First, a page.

When I first started my journey of self discovery – trying to figure out what makes me tick – I was more than a little confused by some of the terminology I encountered. I could relate to much of what I was reading about highly sensitive people and empaths, but I couldn’t really tell the difference. Were these just different terms for the same thing? And why would I even care?
Well, I have since come to understand that having words to describe yourself can be immensely helpful. It can help you identify your needs and wants. It can help you communicate them to other people. It can help you find people who are similar to you and who you can learn from.
And the deeper your understanding of yourself and your “descriptor words”, the more potential you have to reap all these benefits.
So if you are still not entirely clear on the HSP vs empath difference, read on.
HSP vs empath: What’s the difference?
Highly Sensitive Person (HSP)
High sensitivity is an inborn temperament trait possessed by about 20 percent of people. Highly sensitive people have a more reactive nervous system, and therefore, experience the world more intensely than the average person. They are more sensitive to:
- Sensory stimuli like lights, sounds, smells, and touch.
- Social stimuli like meeting new people or receiving criticism.
- Emotional stimuli like their own and other people’s feelings.
According to Elaine Aron, author of The Highly Sensitive Person: How To Thrive When The World Overwhelms You, HSPs differ from non-HSPs in the following four ways:
- They are more likely to use areas of the brain associated with deep processing.
- Because they are more sensitive to sensory stimuli, they are more vulnerable to overstimulation.
- They tend to have stronger emotional reactions and higher levels of empathy.
- They are more likely to notice subtleties that other people miss and can therefore appear more intuitive.
You can find out if you are a highly sensitive person by taking a test here.
The word “empath” has a couple of different meanings, so whether you “qualify” as one might depend on which definition you use.
Empathy is the human ability to understand and share the feelings of another human being. We have something called mirror neurons in our brains that help us imagine ourselves in another person’s situation and then trigger emotions as if we were in that situation ourselves.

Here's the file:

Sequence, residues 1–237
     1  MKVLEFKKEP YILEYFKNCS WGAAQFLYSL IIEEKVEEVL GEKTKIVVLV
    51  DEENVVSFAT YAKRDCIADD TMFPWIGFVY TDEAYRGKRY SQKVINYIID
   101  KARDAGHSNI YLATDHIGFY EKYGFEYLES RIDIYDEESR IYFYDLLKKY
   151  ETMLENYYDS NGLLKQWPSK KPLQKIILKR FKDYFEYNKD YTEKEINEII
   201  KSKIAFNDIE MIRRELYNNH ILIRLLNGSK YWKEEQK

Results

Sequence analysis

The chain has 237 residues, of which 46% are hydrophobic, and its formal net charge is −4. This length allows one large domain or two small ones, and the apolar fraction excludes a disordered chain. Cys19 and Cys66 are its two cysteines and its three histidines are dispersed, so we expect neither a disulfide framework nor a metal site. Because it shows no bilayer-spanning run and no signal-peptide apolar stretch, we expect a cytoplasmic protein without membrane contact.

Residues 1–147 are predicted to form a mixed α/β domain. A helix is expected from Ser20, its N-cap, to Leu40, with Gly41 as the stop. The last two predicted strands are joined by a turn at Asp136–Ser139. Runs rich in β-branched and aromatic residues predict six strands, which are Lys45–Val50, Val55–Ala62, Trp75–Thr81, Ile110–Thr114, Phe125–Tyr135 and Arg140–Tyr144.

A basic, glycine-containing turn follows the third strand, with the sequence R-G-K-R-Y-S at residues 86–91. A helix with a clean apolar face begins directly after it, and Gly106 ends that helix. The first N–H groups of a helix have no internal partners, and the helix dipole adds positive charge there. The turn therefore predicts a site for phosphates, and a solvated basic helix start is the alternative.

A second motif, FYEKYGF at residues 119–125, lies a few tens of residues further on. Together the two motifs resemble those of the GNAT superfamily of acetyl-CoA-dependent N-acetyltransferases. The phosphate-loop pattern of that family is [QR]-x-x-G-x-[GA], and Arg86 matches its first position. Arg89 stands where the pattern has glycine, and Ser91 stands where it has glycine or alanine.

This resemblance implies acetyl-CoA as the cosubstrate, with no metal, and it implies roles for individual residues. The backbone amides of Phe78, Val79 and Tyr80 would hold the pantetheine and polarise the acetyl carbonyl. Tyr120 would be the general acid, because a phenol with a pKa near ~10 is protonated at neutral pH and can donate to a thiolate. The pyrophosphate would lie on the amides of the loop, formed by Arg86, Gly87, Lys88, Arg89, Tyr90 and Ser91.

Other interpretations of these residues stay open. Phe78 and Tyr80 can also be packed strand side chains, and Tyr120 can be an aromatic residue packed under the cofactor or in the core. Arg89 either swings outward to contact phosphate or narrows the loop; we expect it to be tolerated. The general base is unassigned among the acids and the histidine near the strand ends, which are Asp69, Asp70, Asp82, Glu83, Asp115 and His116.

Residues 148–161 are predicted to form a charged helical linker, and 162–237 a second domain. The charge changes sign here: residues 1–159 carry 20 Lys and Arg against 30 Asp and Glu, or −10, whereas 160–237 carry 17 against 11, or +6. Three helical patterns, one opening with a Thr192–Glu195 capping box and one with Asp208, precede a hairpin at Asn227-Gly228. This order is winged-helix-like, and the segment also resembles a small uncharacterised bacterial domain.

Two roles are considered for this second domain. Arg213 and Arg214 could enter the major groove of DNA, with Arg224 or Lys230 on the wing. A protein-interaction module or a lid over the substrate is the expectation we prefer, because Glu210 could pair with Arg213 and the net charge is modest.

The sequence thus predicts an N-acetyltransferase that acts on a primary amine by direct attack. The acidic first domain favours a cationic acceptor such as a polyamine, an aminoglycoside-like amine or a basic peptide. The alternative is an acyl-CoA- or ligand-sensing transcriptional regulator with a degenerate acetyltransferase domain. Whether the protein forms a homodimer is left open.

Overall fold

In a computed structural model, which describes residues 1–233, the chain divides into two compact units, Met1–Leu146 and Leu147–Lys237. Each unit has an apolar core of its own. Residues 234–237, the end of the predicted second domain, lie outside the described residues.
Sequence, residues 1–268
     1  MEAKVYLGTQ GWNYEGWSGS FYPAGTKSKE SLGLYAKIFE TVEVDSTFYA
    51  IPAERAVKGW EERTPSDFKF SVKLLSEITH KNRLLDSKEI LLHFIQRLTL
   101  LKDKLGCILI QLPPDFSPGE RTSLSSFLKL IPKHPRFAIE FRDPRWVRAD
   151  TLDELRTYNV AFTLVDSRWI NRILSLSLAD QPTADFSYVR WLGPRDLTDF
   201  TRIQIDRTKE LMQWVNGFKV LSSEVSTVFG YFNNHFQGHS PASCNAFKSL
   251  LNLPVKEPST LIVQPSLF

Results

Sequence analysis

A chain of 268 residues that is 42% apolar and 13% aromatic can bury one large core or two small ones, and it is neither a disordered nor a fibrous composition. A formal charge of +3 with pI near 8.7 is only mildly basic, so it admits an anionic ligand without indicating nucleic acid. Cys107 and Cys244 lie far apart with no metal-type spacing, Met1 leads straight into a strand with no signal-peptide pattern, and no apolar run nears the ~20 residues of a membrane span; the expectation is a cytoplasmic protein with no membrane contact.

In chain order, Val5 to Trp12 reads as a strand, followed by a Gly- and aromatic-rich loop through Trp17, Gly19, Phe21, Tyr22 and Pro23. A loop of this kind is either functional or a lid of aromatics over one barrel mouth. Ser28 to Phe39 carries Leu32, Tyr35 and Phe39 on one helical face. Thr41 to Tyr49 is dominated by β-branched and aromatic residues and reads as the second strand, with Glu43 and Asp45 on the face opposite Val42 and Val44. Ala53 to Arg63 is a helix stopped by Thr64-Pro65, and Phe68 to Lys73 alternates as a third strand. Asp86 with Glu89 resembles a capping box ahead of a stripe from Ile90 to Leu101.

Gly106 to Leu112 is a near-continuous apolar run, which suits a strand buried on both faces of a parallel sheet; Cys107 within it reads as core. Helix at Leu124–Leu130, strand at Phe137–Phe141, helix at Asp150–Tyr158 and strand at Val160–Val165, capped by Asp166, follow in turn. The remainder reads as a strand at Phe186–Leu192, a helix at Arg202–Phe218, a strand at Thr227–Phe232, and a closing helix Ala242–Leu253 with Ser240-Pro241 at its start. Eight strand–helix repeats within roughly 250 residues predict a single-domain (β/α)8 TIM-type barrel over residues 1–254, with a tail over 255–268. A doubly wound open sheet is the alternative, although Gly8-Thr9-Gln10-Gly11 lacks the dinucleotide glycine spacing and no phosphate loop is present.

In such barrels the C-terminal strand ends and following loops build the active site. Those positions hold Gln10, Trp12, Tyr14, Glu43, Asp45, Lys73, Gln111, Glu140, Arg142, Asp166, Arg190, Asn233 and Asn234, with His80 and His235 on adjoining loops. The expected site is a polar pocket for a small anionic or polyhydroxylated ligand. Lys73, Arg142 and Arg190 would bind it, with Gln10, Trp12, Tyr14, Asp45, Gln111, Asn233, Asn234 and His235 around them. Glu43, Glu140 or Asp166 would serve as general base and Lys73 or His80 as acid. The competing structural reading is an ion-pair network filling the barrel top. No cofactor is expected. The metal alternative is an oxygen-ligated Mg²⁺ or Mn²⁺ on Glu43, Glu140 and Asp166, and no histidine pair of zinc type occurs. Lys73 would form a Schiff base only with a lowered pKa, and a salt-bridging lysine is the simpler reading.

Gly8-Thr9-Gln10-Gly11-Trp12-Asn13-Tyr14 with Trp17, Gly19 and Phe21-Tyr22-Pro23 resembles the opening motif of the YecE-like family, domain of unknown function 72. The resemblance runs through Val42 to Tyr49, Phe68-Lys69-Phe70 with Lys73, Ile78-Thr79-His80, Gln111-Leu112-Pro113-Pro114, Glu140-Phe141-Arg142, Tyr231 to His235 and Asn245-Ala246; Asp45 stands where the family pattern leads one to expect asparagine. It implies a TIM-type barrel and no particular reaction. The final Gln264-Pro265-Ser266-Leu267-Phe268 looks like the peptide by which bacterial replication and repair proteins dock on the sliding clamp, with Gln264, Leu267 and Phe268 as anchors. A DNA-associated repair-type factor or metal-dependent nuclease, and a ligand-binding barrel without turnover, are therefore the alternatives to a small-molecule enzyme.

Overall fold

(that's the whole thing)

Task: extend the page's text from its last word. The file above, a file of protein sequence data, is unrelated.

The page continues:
All healthy people are capable of empathy, but it is thought that some people are a bit more capable of it than others. The people toward the more capable end of the spectrum are called empaths, but it’s not clear where exactly the cut-off lies. Like are we talking “you cry whenever someone else cries” or are we talking telepathy?
Well, it depends on who you ask.
Empath = Person With Higher Than Average Sensitivity To Other People’s Feelings
Some people define empaths as those people who have higher than average sensitivity to other people’s feelings.
So if we go by Elaine Aron’s characterization of HSPs as having higher than average levels of empathy, then all HSPs are, by definition, also empaths. And people do often use the terms Highly Sensitive Person and empath interchangeably.
Empath = Person With Paranormal Sensitivity To Other People’s Feelings
Some people define empaths as those individuals who are extremely sensitive to the feelings and energies of other people, animals, plants, and/or physical locations – so sensitive that they are considered psychic. They have abilities that are beyond the current scientific understanding.
According to this definition, the pool of empaths out there would obviously be much smaller. For example, I personally fit the first definition, but not the second. No psychic abilities here other than sometimes my dreams come true. 🙂
So where does that leave you?
So if you consider yourself a highly sensitive person, then you are probably also an empath (although maybe not psychic). And regardless of which term you use, both HSPs and empaths tend to have similar needs when it comes to creating a lifestyle they feel at home in. I hope you find the resources here helpful for doing just that!
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